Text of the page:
>> Case Study
Is It Ethical to Use Subversive Approaches To Influence Others?
"Last week, National Public Radio's chief executive [Vivian Schiller] and senior fundraiser Ron Schiller resigned after off-the-cuff remarks were made to conservative activ¬ists posing as potential donors." The Schillers are unrelated. The potential donors, headed by James O'Keefe, met with Ron Schiller at a posh restaurant for lunch under the guise that they wanted to donate $5 million as repre-sentatives from a Muslim organization. O'Keefe secretly recorded the interview and later released a doctored video clip that portrayed NPR in a very bad light. Schiller made negative and damaging comments about the Republican Party in general and the Tea Party in particular. You can imagine how this video was received by politicians, particularly those who vote on funding for National Public Radio (NPR).
A reporter from the Washington Post described the video as "selective and deceptive:" He stated that "O'Keefe% final product excludes explanatory context, exaggerates [Ron] Schiller's tolerance for Islamist radicalism and attributes sentiments to Schiller that are actually quotes by others-all the hallmarks of a hit piece?' The reporter concluded that "O'Keefe did not merely leave a false impression; he manu-factured an elaborate The stingers bought access with fake money. There is no ethical canon or tradition that would excuse such deception on the part of a professional journalist
The video led some government officials to call for major, if not total funding cuts to NPR, which would threaten the organization's very existence. The end result is that the US. Senate voted in March 2011 to block public radio stations from spending federal money on programming. It appears that O'Keefe's attempts at influence had some success.
Not everyone agrees that O'Keefe did anything wrong. Some think that subversive techniques are a good way to keep people accountable. After all, TV programs such as 20/20 have used hidden cameras for years to catch peo¬ple doing bad things. The subversive trend is growing. For example, "[Title subversive approach has become so popular that the Yes Men, anti-corporate jokers who have made two critically acclaimed movies, recently opened the Yes Lab, which trains others in the art of dirty work!' Mike Bonanno, who cofounded Yes Men, concluded that "with mainstream media being defended, there is less real reporting out there and more people are resorting to these kind of tactics to get the work out on stuff that should b obvious. Further, "O'Keefe defenders contend he is no really a journalist but a new breed of 'citizen journalist. This can be defined as the simultaneous demands for jour¬nalistic respect and for release from journalistic standards, including a commitment to honesty.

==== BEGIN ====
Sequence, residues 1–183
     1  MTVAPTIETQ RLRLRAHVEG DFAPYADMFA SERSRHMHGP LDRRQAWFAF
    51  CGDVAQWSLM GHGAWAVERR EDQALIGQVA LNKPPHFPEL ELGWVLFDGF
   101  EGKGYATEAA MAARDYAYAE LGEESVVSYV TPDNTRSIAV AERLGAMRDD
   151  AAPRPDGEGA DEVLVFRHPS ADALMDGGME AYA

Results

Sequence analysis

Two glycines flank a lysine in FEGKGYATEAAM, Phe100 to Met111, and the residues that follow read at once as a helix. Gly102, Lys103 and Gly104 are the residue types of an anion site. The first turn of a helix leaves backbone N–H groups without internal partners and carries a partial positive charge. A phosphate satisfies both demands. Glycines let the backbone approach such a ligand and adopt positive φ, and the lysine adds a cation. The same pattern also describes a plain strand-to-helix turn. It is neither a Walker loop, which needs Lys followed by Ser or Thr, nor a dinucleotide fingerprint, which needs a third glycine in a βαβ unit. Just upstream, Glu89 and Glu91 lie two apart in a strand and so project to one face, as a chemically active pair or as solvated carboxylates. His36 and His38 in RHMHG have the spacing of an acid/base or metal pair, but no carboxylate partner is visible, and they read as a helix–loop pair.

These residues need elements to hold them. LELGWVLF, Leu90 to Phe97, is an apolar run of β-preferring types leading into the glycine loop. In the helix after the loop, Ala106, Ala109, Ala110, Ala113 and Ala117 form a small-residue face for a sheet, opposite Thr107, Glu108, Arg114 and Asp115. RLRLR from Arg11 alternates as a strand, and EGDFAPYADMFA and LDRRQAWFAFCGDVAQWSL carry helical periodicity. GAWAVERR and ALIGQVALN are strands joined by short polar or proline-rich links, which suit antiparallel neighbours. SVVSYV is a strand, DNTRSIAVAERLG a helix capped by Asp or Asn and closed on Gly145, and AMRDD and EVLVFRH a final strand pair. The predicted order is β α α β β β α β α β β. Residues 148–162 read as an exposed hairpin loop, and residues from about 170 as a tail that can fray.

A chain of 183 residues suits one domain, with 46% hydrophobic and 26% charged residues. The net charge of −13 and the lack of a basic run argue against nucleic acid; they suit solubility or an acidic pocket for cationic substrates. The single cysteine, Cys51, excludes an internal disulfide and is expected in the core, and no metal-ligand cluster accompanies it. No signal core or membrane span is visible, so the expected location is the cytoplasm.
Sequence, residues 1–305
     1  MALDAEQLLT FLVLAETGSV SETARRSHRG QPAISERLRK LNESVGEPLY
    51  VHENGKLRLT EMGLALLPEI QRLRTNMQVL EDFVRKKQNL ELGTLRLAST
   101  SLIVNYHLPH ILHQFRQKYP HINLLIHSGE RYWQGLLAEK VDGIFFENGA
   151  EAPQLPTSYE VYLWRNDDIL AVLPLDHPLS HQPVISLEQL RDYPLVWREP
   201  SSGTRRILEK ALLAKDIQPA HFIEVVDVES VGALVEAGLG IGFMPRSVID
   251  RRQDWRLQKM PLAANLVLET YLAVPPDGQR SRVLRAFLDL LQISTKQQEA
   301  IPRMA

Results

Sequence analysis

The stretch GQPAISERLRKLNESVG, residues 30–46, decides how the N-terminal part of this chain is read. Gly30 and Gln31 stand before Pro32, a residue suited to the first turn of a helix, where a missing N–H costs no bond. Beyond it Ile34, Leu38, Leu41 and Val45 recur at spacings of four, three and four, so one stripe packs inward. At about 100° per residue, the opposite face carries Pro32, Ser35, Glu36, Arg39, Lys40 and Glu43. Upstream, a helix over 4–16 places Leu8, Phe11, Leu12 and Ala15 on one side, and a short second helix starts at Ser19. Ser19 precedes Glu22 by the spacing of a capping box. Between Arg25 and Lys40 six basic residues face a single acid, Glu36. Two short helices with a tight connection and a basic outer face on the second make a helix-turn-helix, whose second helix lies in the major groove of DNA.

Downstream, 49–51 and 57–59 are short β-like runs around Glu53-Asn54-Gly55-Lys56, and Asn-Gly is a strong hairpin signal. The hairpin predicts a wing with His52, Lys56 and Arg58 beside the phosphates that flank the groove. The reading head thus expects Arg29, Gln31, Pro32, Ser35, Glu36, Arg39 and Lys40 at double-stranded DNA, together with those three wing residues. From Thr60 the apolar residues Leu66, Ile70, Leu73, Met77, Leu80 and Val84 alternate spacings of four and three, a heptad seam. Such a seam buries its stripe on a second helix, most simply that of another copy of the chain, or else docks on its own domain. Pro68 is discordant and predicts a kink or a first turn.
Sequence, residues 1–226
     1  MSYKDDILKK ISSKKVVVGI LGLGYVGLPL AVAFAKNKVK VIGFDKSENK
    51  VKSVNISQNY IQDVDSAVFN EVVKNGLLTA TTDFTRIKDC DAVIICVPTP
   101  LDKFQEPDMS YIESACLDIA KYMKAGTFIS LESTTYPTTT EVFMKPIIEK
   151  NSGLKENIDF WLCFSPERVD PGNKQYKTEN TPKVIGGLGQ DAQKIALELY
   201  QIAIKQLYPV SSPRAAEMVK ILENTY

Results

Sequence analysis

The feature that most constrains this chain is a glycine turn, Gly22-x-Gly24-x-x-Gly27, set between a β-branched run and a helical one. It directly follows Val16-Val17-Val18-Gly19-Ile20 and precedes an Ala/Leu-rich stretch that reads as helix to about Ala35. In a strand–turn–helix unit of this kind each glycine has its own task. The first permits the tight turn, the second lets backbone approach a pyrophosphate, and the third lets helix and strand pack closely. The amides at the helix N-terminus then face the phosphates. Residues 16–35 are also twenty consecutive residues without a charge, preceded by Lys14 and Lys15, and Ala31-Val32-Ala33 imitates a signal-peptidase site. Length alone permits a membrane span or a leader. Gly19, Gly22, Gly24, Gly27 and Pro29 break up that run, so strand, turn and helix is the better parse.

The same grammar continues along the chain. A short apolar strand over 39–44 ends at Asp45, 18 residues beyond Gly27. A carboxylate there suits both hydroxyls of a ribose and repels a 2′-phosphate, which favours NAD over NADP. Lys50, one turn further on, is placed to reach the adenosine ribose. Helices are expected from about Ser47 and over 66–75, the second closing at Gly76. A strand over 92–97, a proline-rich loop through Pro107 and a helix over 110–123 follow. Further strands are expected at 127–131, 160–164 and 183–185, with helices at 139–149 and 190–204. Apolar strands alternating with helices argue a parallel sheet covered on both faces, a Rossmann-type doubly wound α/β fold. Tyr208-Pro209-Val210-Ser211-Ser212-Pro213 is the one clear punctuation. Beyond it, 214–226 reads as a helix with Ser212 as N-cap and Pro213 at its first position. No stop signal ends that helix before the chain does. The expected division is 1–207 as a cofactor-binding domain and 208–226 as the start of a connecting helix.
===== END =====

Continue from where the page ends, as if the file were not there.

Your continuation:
What Do You Think Should Be Done about James O'Keefe?
1. Although O'Keefe did not violate any laws, he should be punished. His behavior was unethical. He lied about his identity to Ron Schiller and edited the video to present false impressions about NPR. His subversive actions also led to a negative vote about funding for public radio.
2. didn't break any laws, so he should be left alone. He actually is providing service to the public.
What Should Be Done about Citizen Journalism?
3. Given today's technology, we need regulations to govern this aspect of modem life. If people like James O'Keefe want to do journalistic work on their own, then they should be held to the same standards as professionals.
4. Wake up and smell the coffee. The only way to expose people like Ron Schiller is to use subversive tech¬niques. I have no problem with what O'Keefe did. Besides, others are doing the same thing.
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The present case is dealing with the behavioral malpractice that leads to present false impression (public image) to the community. Here, the concept is based on the activity of O’Keefe, who is not engaged in any offensive or out-of-law related task. On the contrary, the offensive perception is linked with the behavioral aspect of O’Keefe.
Evidence in this regard, which support this fact are that he presented a fake identity, and he talked with different motivation during the lunch session. Similarly, he also made a video of the session, with the consent or knowledge of other members, which he later altered to present a wrong image.
Of course many people in the society can comply with the statement that the activity of O’Keefe is not offensive since he submitted a fact to the society without violating any law. Thus, in such a condition there is no question arising for punishment.